Two other changes stemming from the ‘new’ Senate have meant that, since 1970, the Senate has begun to assume a more positive role within and despite its constitutional restrictions. The Senate has transformed itself into a more active and more effective house of review and scrutiny. These reforms did not require constitutional change. The most significant was the establishment of the Senate Committee system. However, procedural changes have also played a part.
Senate procedures have developed which favour scrutiny: time limits for ministers’ answers and supplementary questions in question time, orders for the production of documents, publication of an extensive range of government documents, and generous debating rights for individual senators on both bills and other general matters.
With votes on measures invariably close, debates in the Senate can be dramatic at times—more drama than will be found in the House of Representatives outside of Question Time. I can recall a variety of serious matters where the outcome of the vote in the Senate was uncertain until very late in proceedings. Speeches made by senators have been passionate efforts to persuade the Senate of their point of view.
Bills may be debated clause by clause. The legislative process is taken very seriously in the Senate.
Two examples suffice:
- The Native Title Amendment Bill of 1997 was debated for the longest time of any Bill before the Senate—over 105 hours of debate. In the light of the further pronouncements of the High Court, known as the Wik decision, the Bill sought to amend the legislation, which had implemented the Mabo decision.
The outcome of the debate was not to the liking of the Labor Party, the Democrats or the Greens, but it represented the most concentrated focus of the Senate on a piece of legislation. The government successfully negotiated with the independent Senator, Brian Harradine in order for the Bill to pass the Parliament. Three hundred and fourteen amendments were made to the government’s Bill, greatly softening it.
It was an intense debate conducted in the aftermath of the rise of Pauline Hanson. Senator Harradine’s stated reason for negotiating his position was to ‘avoid [in the coming election] a divisive double dissolution election which would have torn the fabric of our society and set race relations back 40 or 50 years.’ It was, I think, a view sincerely held.
- The ASIO Amendment (Anti-terrorism) Bill 2002 involved another prolonged debate on an essential issue of competing rights. In two stages the Parliament, and particularly the Senate, defined and refined, argued and compromised over a period of thirty-four and a half hours. The Chair of the Parliament’s intelligence committee stated that ‘the Bill in its original form would undermine the key legal rights and erode the civil liberties that make Australia a leading democracy.’
The Senate, after recommendations from two parliamentary committees, limited the time during which a person might be detained, provided for legal representation for people being questioned or detained, raised the age of detention from 10 to 16 years and provided for a sunset clause and review mechanism. The final outcome ameliorated the worst excesses of the original bill.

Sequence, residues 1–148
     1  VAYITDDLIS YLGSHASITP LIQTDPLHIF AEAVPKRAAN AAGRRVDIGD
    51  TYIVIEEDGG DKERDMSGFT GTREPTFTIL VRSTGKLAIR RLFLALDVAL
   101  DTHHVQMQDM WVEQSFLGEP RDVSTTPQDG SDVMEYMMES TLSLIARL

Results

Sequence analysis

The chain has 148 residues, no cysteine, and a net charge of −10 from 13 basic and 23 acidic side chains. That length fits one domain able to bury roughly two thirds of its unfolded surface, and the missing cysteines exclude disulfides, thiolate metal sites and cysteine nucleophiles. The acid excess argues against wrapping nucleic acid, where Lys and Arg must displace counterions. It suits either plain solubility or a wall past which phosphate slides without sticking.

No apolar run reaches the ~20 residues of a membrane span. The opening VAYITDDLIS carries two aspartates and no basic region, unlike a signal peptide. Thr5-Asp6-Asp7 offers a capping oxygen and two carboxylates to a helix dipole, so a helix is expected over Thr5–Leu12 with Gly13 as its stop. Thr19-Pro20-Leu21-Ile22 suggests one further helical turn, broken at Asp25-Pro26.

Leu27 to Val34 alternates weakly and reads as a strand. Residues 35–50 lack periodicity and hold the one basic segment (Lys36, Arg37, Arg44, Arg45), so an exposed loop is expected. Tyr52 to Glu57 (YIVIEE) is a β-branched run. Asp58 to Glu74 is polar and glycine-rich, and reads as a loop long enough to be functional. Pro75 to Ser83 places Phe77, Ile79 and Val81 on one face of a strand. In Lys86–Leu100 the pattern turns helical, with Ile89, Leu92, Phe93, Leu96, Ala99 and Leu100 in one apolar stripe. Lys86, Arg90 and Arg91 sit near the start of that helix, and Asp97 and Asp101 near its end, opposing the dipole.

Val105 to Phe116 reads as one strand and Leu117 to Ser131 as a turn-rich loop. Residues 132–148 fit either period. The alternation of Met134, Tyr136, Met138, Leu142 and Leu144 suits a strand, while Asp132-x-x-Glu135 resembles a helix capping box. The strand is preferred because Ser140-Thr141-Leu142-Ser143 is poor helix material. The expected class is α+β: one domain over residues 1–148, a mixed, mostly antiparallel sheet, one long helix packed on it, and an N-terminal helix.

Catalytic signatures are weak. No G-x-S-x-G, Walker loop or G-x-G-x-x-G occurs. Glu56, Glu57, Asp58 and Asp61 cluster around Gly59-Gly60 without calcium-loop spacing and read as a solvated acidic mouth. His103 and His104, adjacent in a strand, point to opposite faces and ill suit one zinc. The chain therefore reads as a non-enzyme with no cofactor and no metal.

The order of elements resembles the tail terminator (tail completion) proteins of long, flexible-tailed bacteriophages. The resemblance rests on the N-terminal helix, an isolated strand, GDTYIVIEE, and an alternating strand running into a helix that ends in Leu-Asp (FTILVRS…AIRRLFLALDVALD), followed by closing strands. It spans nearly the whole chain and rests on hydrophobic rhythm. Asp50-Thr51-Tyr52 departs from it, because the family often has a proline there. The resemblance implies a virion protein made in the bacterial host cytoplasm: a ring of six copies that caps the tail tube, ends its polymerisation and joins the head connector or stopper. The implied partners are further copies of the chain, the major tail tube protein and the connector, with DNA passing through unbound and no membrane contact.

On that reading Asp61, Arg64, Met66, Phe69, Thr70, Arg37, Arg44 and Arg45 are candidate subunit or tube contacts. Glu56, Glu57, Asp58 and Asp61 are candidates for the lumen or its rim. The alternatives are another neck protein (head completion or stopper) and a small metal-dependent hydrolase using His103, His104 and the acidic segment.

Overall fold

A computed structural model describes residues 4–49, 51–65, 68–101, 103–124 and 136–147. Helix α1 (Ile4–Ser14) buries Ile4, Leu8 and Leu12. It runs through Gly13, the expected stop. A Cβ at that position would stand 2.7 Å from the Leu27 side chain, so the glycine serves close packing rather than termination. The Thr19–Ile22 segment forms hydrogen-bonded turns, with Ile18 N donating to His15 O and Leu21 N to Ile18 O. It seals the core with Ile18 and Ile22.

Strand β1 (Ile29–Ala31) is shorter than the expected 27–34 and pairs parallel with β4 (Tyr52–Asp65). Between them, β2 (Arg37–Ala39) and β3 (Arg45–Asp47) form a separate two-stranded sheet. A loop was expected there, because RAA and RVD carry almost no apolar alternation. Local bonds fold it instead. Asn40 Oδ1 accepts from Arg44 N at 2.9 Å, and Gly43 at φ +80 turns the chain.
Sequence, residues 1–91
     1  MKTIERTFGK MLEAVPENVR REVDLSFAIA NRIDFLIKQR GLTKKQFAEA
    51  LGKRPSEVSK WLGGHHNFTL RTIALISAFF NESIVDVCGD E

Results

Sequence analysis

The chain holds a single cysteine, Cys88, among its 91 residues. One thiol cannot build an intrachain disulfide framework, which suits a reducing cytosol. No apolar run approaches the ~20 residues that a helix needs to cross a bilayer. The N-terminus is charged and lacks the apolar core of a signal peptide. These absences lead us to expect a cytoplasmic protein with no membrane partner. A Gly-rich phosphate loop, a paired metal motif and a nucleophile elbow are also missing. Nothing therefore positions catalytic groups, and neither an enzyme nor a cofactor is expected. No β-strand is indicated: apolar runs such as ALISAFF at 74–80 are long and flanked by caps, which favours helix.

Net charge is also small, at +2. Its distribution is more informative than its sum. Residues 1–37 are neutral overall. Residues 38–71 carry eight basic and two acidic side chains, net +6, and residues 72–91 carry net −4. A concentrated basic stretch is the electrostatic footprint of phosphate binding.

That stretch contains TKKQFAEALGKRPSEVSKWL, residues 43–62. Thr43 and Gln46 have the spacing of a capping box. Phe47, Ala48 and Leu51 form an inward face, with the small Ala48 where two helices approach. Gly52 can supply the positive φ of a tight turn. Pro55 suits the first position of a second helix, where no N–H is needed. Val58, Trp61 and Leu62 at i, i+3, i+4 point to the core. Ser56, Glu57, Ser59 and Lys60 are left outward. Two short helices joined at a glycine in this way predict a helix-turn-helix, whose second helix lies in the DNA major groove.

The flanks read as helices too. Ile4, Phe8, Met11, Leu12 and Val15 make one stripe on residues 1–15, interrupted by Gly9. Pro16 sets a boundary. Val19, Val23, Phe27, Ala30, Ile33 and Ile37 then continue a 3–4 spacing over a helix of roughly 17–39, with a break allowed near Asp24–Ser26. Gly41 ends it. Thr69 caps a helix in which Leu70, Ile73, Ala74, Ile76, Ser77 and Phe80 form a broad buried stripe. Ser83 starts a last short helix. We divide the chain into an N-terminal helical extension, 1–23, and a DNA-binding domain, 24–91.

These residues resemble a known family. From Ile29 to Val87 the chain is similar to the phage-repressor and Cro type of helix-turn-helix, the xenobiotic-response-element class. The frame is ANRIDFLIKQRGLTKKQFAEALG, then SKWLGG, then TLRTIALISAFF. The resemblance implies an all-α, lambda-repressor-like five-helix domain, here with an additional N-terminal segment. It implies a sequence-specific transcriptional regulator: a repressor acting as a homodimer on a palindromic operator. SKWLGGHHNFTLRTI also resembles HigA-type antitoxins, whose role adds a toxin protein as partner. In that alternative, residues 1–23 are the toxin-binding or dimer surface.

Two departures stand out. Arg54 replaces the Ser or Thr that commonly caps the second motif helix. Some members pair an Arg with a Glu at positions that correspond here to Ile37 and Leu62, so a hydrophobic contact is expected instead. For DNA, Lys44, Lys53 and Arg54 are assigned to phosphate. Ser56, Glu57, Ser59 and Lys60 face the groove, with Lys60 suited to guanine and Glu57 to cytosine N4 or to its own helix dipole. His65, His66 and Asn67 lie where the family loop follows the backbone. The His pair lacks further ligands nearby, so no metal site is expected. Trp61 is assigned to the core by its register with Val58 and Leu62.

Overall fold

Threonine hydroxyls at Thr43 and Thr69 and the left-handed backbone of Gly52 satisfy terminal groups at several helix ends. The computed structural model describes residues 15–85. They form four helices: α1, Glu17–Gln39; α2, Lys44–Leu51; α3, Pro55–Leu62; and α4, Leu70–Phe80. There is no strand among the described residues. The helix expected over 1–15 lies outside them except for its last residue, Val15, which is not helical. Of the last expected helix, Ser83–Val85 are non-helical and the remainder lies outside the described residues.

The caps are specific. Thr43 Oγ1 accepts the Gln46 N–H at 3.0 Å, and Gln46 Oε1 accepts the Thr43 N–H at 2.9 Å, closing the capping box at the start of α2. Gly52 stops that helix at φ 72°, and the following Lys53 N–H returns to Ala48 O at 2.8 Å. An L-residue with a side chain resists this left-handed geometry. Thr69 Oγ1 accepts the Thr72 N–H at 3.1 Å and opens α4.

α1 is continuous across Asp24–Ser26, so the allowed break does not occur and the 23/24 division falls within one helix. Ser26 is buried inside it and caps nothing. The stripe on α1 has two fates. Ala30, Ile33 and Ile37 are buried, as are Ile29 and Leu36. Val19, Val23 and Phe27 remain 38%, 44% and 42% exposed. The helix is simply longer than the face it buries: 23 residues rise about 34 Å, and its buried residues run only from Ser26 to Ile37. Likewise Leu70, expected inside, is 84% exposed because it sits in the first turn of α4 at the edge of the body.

But it is in the committee system, established in 1970, that the Senate has developed the most effective accountability mechanism in the Australian Parliament.
In 1970, Senator Lionel Murphy proposed the establishment of general purpose standing committees. Senator Kenneth Anderson, a liberal senator, put a counter proposal for the establishment of estimates committees. Both proposals, initially not widely supported by their respective parties, passed with the support of minor parties and independents.
The committee system of the Senate is now well established and comprehensive. It has made the Senate a genuine house of scrutiny. Senate committees review legislation, consider government policies and administration, and thoroughly examine government expenditure.
In my experience, it is in Estimates Committees, where there is time to question government officials in detail and at length (sometimes at great length) that the greatest accountability occurs. It was in Estimates Committees that the truth of whether children were thrown overboard was revealed, and the state of Australian knowledge about Abu Grahib was explored.
In Estimates, senators regularly test the detail and the worth of expenditure. Answers to questions on notice are publicly posted on web sites. Estimates can teach a conscientious senator how government works, or does not work. Carefully framed, probing and methodical questioning keeps a government on its toes. While not all such attempts are successful, the estimates process can provide a scalpel for those able to use one. Senate Estimates Committees are the best accountability mechanism we have in any parliament in this country.
I believe the Senate could be better still, but fundamental changes require constitutional amendment. This is one of many areas where our constitution creaks.
The ALP has always been the party of reform in a way that our opponents have never been. We have a strong record of promoting democratic principles in our electoral system and in our parliament. This is part of our ‘light on the hill’.